The latest oil rally, which sees crude trading at close to its highest point in three years, is sufficient to garner considerable attention from market pundits, industry insiders and investors alike. It has raised the ugly specter of a sharp uptick in U.S. oil production driven by the much-anticipated shale oil boom.
Yet, there are signs that the potential for U.S. shale oil companies to rapidly expand production and return to the boom years witnessed before the prolonged oil slump appears overblown.
There are a range of constraints poised to prevent the rapid production growth many mainstream analysts had been predicting.
It was only in early December last year that an MIT study was released concluding that the U.S. vastly overstates oil production forecasts and that the EIA has been exaggerating the effect of fracking technology on well productivity.
According to MIT research, the EIA assumes that regular improvements in drilling technology and well design are boosting output at new wells by around 10 percent, yet their own research shows that it is closer to 6.5 percent. That, along with the EIA’s own monthly production data, which shows that U.S. oil output between January and November 2017 grew at a far more modest monthly average of 1.3 percent, indicates that the EIA’s weekly forecasts could very well be overstating U.S. oil production.
In the past, the optimistic figures provided by the EIA have suppressed the price of West Texas Intermediate or WTI, and this in part has been one of the contributing factors to the significant premium that has existed between WTI and Brent.
Nevertheless, that premium is closing, having fallen from over $6 per barrel at the start of 2018 to less than $4 for the last week of January 2018 amid falling U.S. inventories.
Some analysts think this could lead to a reduction in demand for U.S. oil exports, which would reduce the incentive for shale oil producers to ramp up production.
Claims that shale oil possesses exceptionally low breakeven costs, which, coupled with WTI trading at over $60 per barrel, will spark a massive surge in activity appear overstated. While it’s true that considerable improvements in technology and drilling techniques have caused costs to fall, they aren’t as low as many analysts believe.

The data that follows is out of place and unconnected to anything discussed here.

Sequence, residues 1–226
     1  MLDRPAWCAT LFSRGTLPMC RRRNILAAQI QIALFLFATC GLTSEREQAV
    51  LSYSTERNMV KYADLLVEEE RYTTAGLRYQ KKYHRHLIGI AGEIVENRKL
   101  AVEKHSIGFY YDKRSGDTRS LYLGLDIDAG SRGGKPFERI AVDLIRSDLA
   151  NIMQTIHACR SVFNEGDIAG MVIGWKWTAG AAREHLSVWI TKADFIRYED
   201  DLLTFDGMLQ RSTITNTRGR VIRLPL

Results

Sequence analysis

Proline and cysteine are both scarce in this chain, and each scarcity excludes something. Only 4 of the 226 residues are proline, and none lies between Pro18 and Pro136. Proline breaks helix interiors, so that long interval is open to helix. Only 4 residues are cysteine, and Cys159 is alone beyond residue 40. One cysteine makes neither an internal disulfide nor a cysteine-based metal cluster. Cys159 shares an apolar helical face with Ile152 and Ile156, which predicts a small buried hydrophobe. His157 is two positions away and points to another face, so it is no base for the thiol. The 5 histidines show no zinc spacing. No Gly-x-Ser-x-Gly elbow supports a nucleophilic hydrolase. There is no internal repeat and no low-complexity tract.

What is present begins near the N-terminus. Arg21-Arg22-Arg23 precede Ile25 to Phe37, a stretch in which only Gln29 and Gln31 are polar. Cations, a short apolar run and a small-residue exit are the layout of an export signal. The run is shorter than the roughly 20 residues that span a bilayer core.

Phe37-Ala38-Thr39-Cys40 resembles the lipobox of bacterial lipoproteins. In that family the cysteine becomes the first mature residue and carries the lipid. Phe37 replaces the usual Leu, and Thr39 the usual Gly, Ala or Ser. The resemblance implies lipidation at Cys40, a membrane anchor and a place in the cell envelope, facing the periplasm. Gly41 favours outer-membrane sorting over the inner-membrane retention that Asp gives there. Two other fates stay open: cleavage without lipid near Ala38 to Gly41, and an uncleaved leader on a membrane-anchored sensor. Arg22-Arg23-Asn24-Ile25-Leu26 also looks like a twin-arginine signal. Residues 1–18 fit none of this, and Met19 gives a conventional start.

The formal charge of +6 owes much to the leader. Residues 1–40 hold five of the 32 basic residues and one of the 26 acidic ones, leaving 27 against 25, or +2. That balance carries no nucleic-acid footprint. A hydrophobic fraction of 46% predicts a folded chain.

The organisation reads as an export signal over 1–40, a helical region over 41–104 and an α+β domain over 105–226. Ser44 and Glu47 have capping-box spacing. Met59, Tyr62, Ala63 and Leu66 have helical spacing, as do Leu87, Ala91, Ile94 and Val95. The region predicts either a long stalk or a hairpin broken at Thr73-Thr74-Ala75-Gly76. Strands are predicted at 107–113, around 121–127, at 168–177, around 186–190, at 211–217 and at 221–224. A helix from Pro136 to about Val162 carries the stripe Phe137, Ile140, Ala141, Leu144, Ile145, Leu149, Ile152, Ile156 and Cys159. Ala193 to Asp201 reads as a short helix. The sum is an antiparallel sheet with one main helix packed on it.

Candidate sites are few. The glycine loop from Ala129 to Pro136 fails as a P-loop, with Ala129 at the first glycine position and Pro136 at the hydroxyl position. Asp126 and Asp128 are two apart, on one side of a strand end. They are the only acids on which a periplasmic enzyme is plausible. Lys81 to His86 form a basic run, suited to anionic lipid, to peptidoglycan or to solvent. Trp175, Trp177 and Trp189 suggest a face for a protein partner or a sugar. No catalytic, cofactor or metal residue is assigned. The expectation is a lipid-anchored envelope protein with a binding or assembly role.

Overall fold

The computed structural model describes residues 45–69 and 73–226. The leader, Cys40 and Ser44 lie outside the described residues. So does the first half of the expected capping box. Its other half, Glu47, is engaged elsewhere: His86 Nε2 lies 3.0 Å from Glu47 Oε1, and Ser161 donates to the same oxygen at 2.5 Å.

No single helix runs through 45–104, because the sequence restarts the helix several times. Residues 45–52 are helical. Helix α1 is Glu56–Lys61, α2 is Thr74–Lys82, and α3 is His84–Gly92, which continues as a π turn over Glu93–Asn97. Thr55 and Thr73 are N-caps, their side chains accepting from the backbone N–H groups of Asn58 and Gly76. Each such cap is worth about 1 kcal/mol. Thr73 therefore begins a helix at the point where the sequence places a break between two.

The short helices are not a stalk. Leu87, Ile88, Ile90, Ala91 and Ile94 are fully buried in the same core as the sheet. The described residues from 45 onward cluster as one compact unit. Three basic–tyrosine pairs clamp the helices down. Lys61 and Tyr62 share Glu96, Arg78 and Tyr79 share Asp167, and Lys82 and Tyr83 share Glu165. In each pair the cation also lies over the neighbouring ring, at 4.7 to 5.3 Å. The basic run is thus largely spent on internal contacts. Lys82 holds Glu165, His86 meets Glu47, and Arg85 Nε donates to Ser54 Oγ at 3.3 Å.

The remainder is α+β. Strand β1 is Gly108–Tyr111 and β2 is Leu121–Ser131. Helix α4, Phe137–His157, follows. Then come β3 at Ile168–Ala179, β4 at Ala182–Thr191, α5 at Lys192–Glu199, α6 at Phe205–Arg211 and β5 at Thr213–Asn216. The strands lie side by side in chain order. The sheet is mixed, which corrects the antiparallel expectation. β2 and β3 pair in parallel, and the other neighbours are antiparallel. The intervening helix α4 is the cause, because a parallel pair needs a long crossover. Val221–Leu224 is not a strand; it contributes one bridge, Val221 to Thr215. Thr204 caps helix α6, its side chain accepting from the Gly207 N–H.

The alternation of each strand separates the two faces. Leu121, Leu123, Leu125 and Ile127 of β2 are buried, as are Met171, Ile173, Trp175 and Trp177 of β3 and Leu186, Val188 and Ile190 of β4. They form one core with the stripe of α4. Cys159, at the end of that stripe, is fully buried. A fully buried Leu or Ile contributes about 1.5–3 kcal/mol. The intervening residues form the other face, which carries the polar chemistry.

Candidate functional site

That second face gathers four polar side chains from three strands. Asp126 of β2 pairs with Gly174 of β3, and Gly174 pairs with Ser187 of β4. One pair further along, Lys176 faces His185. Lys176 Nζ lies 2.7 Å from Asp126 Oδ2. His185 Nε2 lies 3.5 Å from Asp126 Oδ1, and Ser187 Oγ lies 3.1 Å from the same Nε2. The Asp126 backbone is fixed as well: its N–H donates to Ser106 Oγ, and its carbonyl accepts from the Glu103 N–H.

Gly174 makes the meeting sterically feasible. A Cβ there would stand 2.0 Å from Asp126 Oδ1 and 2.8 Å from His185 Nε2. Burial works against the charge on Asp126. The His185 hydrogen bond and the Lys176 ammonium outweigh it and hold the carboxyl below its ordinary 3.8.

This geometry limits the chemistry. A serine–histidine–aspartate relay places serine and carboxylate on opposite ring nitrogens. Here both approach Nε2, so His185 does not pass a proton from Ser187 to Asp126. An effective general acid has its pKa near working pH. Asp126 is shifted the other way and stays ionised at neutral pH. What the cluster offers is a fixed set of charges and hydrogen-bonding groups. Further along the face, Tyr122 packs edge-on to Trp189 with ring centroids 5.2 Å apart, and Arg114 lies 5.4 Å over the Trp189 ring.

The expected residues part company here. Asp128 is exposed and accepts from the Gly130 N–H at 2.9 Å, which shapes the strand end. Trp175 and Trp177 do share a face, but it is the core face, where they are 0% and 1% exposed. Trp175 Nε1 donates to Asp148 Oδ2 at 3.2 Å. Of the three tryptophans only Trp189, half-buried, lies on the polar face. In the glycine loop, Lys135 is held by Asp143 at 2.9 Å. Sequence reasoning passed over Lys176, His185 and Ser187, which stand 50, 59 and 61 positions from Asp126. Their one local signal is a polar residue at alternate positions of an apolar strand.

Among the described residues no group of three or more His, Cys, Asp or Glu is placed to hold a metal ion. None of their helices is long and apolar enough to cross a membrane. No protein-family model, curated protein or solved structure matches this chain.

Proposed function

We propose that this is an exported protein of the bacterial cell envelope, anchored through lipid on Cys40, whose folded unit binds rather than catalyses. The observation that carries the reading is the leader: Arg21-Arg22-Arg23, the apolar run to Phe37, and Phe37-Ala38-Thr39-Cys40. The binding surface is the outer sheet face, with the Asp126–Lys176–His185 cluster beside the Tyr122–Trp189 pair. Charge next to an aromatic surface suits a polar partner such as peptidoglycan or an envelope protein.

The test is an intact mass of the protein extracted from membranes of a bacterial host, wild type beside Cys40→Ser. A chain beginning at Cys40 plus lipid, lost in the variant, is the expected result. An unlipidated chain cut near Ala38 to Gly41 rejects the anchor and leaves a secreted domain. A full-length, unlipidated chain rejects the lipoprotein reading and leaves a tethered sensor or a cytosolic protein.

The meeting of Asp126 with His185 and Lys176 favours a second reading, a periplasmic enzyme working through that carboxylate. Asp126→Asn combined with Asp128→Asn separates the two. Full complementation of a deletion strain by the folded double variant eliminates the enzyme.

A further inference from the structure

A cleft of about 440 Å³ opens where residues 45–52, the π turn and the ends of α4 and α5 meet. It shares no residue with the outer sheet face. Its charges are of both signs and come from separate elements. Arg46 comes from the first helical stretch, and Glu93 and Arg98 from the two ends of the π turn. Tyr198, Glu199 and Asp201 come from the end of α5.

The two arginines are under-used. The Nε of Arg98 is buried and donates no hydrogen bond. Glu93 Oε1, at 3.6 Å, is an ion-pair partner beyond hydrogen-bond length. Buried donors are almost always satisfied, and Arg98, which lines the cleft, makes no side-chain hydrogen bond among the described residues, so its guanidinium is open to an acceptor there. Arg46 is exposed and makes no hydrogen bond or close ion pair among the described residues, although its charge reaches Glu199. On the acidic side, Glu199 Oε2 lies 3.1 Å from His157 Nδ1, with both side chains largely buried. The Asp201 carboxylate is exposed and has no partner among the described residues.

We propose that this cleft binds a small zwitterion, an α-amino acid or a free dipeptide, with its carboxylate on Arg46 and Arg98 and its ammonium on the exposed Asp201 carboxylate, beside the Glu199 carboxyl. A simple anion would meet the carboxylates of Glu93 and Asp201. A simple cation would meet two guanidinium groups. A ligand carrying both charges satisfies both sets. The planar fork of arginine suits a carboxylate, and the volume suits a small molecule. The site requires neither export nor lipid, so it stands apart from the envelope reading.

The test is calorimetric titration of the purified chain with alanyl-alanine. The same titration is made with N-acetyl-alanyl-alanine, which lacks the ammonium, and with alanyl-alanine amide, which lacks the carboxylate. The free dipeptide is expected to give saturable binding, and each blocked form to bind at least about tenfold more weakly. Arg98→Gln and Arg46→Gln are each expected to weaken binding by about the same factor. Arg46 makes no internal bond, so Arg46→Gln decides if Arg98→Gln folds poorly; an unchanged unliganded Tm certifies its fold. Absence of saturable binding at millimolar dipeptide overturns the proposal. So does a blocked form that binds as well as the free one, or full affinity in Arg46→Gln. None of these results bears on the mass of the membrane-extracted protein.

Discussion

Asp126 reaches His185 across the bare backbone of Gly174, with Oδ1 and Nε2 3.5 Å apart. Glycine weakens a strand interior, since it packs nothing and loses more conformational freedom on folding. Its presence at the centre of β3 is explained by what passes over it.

In late 2017, Reuters reported that an analysis of second quarter 2017 financial results revealed that breakeven costs were $50 per barrel — well above the sub $40 prices claimed by Rystad Energy in mid-2016. Breakeven costs are different from company to company as well as shale formation to shale formation, making them unreliable indicators on which to solely base production growth analysis.
Despite claims that shale oil companies intend to significantly boost production with WTI trading at over $60 a barrel, there are growing signs of restraint.
Bottom line: Unconventional oil producers have yet to demonstrate that they can consistently make profits.
According to oil industry consultancy Wood Mackenzie, that won’t occur until WTI is routinely trading at $63 per barrel, which they believe is unlikely until 2020.
There’s also considerable pressure being applied to shale oil companies by institutional investors to exercise restraint and avoid the excesses of the shale oil boom. Excesses of the shale oil boom and the sharp decline of oil prices were also subjected to by shareholders and institutional investors. That has seen industry leaders promise far greater restraint and to take a disciplined approach to the deployment of capital as well as drilling in an attempt to reduce debt and generate returns for shareholders.
If they follow through on their promises, which according to Goldman Sachs is highly likely, it’s another factor that reduces the likelihood of any substantial uptick in U.S. oil production occurring.
Another factor that many analysts who believe that shale could come roaring back is that oilfield services are becoming quite constrained. When this is considered in conjunction with rising costs and growing labor shortages, not only will it slow down any rapid expansion of shale oil production, but it will trigger an increase in breakeven costs, making it less attractive to drill.
Executive chairman and CEO of Eagle Ford shale driller Freedom Oil and Gas, Chuck Yeager, believes that a lack of capacity in the oil field services industry will act as a constraint on drilling activity. He went on to state:
“The services industry is pretty well fully-utilized and is not rapidly gaining capacity.”
While some analysts believe that higher prices will lead a surge in output, there are several factors that could prevent shale production from rapidly expanding and threatening higher oil prices.